A detailed numerical study of the influence of dense gas effects on the large-scale dynamics of decaying homogeneous isotropic turbulence is carried out by using the van der Waals gas model. More specifically, we focus on dense gases of the Bethe–Zel’dovich–Thompson type, which may exhibit non-classical nonlinearities in the transonic and supersonic flow regimes, under suitable thermodynamic conditions. The simulations are based on the inviscid conservation equations, solved by means of a ninth-order numerical scheme. The simulations rely on the numerical viscosity of the scheme to dissipate energy at the finest scales, while leaving the larger scales mostly unaffected. The results are systematically compared with those obtained for a perfect gas. Dense gas effects are found to have a significant influence on the time evolution of the average and root mean square (r.m.s.) of the thermodynamic properties for flows characterized by sufficiently high initial turbulent Mach numbers (above 0.5), whereas the influence on kinematic properties, such as the kinetic energy and the vorticity, are smaller. However, the flow dilatational behaviour is very different, due to the non-classical variation of the speed of sound in flow regions where the dense gas is characterized by a value of the fundamental derivative of the gas dynamics (a measure of the variation of the speed of sound in isentropic compressions) smaller than one or even negative. The most significant differences between the perfect and the dense gas case are found for the repartition of dilatation levels in the flow field. For the perfect gas, strong compressions occupy a much larger volume fraction than expansion regions, leading to probability distributions of the velocity divergence highly skewed toward negative values. For the dense gas, the volume fractions occupied by strong expansion and compression regions are much more balanced; moreover, strong expansion regions are characterized by sheet-like structures, unlike the perfect gas which exhibits tubular structures. In strong compression regions, where compression shocklets may occur, both the dense and the perfect gas exhibit sheet-like structures. This suggests the possibility that expansion eddy shocklets may appear in the dense gas. This hypothesis is also supported by the fact that, in dense gas, vorticity is created with equal probability in strong compression and expansion regions, whereas for a perfect gas, vorticity is more likely to be created in the strong compression ones.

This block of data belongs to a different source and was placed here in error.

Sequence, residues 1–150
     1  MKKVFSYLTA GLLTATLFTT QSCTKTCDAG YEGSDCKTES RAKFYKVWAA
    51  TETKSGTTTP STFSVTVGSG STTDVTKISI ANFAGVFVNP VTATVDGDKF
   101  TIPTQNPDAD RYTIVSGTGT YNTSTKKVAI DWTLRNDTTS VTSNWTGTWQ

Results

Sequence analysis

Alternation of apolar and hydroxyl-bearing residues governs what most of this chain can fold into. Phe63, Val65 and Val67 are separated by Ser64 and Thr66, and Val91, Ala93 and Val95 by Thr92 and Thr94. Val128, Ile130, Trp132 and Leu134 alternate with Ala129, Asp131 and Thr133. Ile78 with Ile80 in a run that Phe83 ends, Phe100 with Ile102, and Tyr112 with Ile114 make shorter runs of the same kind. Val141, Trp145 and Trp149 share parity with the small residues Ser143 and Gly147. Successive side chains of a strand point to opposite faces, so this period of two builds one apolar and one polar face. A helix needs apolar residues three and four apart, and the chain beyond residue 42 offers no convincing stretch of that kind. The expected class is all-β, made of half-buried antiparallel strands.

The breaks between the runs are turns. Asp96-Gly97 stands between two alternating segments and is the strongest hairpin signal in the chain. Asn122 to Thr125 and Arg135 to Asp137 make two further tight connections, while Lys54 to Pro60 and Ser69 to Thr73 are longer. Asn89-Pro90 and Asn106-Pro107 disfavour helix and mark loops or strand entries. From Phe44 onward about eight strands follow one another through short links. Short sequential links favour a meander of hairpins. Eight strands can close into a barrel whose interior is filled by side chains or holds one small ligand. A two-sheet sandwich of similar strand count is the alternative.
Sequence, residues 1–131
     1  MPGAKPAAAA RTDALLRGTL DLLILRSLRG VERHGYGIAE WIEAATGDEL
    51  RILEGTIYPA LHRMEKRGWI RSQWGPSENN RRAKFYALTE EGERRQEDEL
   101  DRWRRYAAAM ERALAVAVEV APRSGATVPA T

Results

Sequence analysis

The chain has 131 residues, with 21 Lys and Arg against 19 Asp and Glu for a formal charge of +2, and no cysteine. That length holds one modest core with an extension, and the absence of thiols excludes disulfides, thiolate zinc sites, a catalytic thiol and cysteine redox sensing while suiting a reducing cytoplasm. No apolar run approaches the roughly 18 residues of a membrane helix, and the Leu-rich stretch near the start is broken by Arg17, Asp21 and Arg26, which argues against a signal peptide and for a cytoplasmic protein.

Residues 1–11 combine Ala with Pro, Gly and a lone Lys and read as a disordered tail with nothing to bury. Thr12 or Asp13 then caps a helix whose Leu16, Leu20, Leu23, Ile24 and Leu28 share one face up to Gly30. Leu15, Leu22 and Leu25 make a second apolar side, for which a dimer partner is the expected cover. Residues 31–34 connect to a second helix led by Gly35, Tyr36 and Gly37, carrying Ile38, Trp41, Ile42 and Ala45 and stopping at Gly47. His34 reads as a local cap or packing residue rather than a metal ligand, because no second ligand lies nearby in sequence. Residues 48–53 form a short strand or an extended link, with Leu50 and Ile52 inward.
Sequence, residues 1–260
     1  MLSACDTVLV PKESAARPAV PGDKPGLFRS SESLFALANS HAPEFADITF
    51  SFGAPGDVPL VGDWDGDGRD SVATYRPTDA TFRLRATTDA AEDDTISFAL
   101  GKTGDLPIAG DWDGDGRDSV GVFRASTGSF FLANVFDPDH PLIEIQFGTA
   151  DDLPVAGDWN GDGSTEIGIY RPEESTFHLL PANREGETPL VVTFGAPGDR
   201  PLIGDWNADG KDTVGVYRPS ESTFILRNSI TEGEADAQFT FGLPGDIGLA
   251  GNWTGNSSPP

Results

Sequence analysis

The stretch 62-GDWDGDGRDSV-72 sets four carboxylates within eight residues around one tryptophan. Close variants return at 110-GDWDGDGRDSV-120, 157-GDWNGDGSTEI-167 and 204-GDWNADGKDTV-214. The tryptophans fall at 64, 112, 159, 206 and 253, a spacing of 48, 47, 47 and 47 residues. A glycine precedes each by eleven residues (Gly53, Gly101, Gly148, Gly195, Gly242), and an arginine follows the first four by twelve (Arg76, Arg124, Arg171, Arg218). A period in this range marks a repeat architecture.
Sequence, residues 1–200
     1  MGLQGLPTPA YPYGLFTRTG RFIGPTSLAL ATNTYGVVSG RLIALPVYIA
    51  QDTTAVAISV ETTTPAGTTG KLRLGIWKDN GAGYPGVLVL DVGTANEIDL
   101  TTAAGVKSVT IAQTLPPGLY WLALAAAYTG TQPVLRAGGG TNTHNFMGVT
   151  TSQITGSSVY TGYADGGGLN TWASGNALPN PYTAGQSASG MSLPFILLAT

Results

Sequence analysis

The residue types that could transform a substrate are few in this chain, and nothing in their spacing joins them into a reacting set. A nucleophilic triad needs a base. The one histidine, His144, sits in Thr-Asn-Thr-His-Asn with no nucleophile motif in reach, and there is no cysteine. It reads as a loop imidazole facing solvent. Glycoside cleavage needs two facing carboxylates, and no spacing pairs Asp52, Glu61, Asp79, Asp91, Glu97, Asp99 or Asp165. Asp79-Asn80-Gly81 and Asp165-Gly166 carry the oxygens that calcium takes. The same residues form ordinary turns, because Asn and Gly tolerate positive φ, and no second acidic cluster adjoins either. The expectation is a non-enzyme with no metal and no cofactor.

Fri, 01 Jan 2016 00:00:00 GMThttp://hdl.handle.net/10985/156752016-01-01T00:00:00ZCINNELLA, PaolaCONTENT, C.GRASSO, FrancescoSCIACOVELLI, LucaA detailed numerical study of the influence of dense gas effects on the large-scale dynamics of decaying homogeneous isotropic turbulence is carried out by using the van der Waals gas model. More specifically, we focus on dense gases of the Bethe–Zel’dovich–Thompson type, which may exhibit non-classical nonlinearities in the transonic and supersonic flow regimes, under suitable thermodynamic conditions. The simulations are based on the inviscid conservation equations, solved by means of a ninth-order numerical scheme. The simulations rely on the numerical viscosity of the scheme to dissipate energy at the finest scales, while leaving the larger scales mostly unaffected. The results are systematically compared with those obtained for a perfect gas. Dense gas effects are found to have a significant influence on the time evolution of the average and root mean square (r.m.s.) of the thermodynamic properties for flows characterized by sufficiently high initial turbulent Mach numbers (above 0.5), whereas the influence on kinematic properties, such as the kinetic energy and the vorticity, are smaller. However, the flow dilatational behaviour is very different, due to the non-classical variation of the speed of sound in flow regions where the dense gas is characterized by a value of the fundamental derivative of the gas dynamics (a measure of the variation of the speed of sound in isentropic compressions) smaller than one or even negative. The most significant differences between the perfect and the dense gas case are found for the repartition of dilatation levels in the flow field. For the perfect gas, strong compressions occupy a much larger volume fraction than expansion regions, leading to probability distributions of the velocity divergence highly skewed toward negative values. For the dense gas, the volume fractions occupied by strong expansion and compression regions are much more balanced; moreover, strong expansion regions are characterized by sheet-like structures, unlike the perfect gas which exhibits tubular structures. In strong compression regions, where compression shocklets may occur, both the dense and the perfect gas exhibit sheet-like structures. This suggests the possibility that expansion eddy shocklets may appear in the dense gas. This hypothesis is also supported by the fact that, in dense gas, vorticity is created with equal probability in strong compression and expansion regions, whereas for a perfect gas, vorticity is more likely to be created in the strong compression ones.